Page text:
Senior puts on last Halloween maze
November 3, 2016
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For ten years, FUHS senior Samuel McIntosh and his father have been hosting a Halloween maze at their home called the McIntosh Manor, drawing friends and family for a night of fright.
This was its final year.
From a young age McIntosh showed interest in horror films, scary masks, and creating things that reflected his imagination.
The mazes utilize the small space in the McIntoshs’ garage and transform it into several scare-filled rooms with some of McIntosh’s friends hidden in costume to jump out and spook the guests.
Mazes started out as what are called “Haunt Stews” which means every room has a separate theme. As McIntosh got older, the mazes developed into elaborate themes and story lines.
“My favorite ones are probably the really scary asylum one from two years ago, and we had a good zombie one, and a clown-killer one,” McIntosh said. “But this year’s I think is definitely the strongest with kind of a shadow organization trying to raise souls.”
This year’s theme involved a sinister cult, complete with a cult symbol, blood-stained books, and a laser beam light that, paired with intense fog, makes the people walking through feel like they’re traveling into another dimension. The concept planning happens all year round, but confirming and putting together the full theme of the maze began in August.
“I finally nailed it down to a cult maze probably like two months ago and I actually started designing it,” McIntosh said.
This year the McIntoshs’ did something different by offering community service hours to NHS members who were willing to help assemble the maze. Putting together something so detailed and elaborate takes a lot of hard work, red paint, and props.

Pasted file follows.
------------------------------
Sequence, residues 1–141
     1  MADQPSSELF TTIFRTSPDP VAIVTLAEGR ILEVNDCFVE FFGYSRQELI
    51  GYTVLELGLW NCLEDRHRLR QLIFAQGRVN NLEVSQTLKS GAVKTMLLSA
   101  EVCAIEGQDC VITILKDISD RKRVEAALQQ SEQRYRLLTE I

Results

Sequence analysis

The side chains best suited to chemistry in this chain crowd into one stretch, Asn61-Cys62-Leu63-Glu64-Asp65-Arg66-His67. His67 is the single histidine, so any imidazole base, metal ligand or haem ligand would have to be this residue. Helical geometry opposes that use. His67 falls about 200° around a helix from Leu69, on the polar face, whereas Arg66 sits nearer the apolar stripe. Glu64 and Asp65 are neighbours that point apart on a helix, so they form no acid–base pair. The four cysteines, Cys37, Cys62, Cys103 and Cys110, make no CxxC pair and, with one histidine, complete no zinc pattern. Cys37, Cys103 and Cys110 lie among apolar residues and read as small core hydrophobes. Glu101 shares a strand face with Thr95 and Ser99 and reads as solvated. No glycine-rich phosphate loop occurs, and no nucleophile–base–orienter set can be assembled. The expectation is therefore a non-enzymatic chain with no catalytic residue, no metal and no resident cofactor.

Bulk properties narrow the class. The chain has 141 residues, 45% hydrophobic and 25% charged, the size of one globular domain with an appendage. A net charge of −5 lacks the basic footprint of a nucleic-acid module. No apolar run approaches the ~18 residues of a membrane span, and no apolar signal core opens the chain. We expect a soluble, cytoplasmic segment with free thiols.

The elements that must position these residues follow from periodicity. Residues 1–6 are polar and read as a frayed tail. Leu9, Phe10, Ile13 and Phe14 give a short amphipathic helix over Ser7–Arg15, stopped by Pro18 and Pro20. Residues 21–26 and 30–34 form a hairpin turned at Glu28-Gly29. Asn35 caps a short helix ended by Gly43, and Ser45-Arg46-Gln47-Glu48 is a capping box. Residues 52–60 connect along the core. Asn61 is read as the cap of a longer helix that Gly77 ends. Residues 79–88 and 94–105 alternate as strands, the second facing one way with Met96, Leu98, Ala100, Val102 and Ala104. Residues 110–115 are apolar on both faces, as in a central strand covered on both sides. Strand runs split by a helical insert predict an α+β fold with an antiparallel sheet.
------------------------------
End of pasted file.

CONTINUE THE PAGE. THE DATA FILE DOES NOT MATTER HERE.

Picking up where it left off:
The maze opened for one night only on Oct. 29, and family members, students, and more were welcome to walk through as McIntosh and friends such as seniors Walter Kim, Tom Shields, Michael Vargas, and Kevin Chiang acted as cult members in the haunt-filled maze.
Creating the maze has been part of McIntosh’s passion for production. McIntosh has been working on other projects as well, such as creating short films, shooting music videos for local bands, and creating a documentary about a local band, “Andy’s Room.”
He hopes to continue the maze tradition wherever he goes. “It’s obviously not going to be exactly how it is now,” McIntosh said. “But I’m probably going to find something or somewhere to do it.”
His passion for production of movies and mazes has only strengthened throughout the years.
“I really love horror movies, but the thing I think they’re missing is the ability to actually get yourself into it,” McIntosh said. “And I think the maze is like me directing my own horror movie where I put you inside.”